Honestly, it was the reality of the times. I was deeply involved in the civil rights movement. I marched with Dr. Martin Luther King. I did a civil rights musical back in the 1960s. I was involved in the anti-Vietnam War issue. I was involved in all of these things but when it came to LGBT issues, I was silent throughout the 60s, 70s, 80s and 90s because I was pursuing a career as an actor. In television you want ratings, in movies you want box office and unfortunately at that time the feeling was you wouldn't get any of that if you are known as a gay actor. Early in my career, I was young, no-name actor going up for part after part and getting rejected time and time again because you're too tall, too short, too skinny, too fat, too Asian, or not Asian enough. To be out as an actor, well you weren't really an actor at all because you couldn't work. Sadly, that was the reality of the time.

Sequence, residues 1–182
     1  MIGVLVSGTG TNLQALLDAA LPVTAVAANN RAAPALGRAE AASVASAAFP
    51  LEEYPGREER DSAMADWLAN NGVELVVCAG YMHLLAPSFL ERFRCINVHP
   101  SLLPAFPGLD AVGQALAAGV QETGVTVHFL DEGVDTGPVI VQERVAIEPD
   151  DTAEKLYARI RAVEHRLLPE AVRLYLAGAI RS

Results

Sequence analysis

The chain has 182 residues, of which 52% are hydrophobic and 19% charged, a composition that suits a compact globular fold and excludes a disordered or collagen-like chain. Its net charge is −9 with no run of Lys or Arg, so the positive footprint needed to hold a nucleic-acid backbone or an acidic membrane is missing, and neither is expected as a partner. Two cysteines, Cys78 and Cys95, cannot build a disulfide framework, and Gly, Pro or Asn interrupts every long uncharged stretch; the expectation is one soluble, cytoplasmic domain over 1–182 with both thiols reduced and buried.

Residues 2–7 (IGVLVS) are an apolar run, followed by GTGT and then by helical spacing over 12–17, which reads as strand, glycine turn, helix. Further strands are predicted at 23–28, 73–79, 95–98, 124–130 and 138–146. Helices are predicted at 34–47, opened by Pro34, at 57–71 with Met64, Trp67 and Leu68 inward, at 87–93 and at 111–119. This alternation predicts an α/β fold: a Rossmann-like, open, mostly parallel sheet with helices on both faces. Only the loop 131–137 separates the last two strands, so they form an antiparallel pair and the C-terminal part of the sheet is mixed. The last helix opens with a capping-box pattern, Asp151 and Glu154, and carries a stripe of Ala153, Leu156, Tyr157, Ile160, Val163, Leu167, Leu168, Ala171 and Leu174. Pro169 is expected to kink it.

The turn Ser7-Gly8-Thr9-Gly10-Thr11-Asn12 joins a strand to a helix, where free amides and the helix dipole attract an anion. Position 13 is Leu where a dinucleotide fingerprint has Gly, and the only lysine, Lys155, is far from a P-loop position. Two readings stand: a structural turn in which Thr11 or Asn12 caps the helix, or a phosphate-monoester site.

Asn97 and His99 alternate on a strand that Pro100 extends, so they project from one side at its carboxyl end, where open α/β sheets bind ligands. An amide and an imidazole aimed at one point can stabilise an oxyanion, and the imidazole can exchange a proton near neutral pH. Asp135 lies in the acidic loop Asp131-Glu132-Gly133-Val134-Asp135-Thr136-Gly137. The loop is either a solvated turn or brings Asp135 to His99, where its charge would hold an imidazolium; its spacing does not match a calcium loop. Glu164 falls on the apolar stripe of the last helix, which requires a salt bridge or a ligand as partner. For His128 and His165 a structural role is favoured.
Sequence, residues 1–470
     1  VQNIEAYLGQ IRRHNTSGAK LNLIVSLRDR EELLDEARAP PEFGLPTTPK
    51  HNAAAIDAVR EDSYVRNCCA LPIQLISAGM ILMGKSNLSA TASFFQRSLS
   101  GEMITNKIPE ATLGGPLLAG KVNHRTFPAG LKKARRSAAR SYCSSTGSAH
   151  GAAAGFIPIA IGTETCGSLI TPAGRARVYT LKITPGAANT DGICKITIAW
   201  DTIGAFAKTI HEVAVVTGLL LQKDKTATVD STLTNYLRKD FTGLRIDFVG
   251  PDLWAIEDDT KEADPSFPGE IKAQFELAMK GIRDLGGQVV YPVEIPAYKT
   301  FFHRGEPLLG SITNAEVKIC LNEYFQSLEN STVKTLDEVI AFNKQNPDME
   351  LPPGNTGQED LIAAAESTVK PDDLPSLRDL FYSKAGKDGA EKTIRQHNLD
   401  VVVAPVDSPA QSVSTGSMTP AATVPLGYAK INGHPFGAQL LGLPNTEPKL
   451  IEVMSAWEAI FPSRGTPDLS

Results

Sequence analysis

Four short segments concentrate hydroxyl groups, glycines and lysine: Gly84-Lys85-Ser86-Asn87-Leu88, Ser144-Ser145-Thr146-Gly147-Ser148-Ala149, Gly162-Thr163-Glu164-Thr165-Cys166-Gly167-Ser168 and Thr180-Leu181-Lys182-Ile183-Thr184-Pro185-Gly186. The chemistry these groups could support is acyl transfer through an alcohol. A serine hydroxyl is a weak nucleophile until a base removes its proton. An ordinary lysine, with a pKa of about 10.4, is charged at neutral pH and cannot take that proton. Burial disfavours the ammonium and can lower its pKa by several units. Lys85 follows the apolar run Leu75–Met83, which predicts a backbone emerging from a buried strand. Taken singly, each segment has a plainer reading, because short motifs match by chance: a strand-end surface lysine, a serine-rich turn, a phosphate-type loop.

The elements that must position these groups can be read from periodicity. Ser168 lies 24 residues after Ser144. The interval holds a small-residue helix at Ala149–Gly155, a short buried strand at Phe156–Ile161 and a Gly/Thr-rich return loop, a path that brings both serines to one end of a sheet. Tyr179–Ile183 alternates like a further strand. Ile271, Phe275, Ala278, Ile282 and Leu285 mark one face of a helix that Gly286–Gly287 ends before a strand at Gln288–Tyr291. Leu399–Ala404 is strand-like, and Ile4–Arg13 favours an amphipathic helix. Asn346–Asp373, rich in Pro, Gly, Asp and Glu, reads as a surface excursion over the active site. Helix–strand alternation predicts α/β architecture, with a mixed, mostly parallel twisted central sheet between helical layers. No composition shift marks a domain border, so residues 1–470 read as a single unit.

What was that like, hiding who you were?

By being silent I was living with an ever-present fear of being exposed because I was living a double life. For publicity purposes I had female friends that I took to parties and openings, but then I was also going to gay bars. You live in perpetual fear because I'm in the most public business that you could ever go into. The climate of the times determined my silence. But then in the 1980s when AIDS struck, the fear was turned into terror. That was now a crucial life and death issue for the LGBT community and at that time I started silently contributing funds. We marched in AIDS walks as allies of the LGBT community to try and bring attention and funding to AIDS research. We marched under that cloak because I still wanted that career.

The battle for marriage equality changed things for you didn't it.

Well, the climate began to change. In 2002, Massachusetts got marriage equality through its supreme court. In California, the state legislature approved marriage equality, it was a landmark moment, and the bill went to the governor's desk, who happened to be Arnold Schwarzenegger at the time. When he ran he said he was from Hollywood and he worked with actors who were gays and lesbians – he had friends who were gays and lesbians, you know the whole cliché bit. And honestly, as a friend, I thought he would sign it, but he was a Republican and his base was the right wing.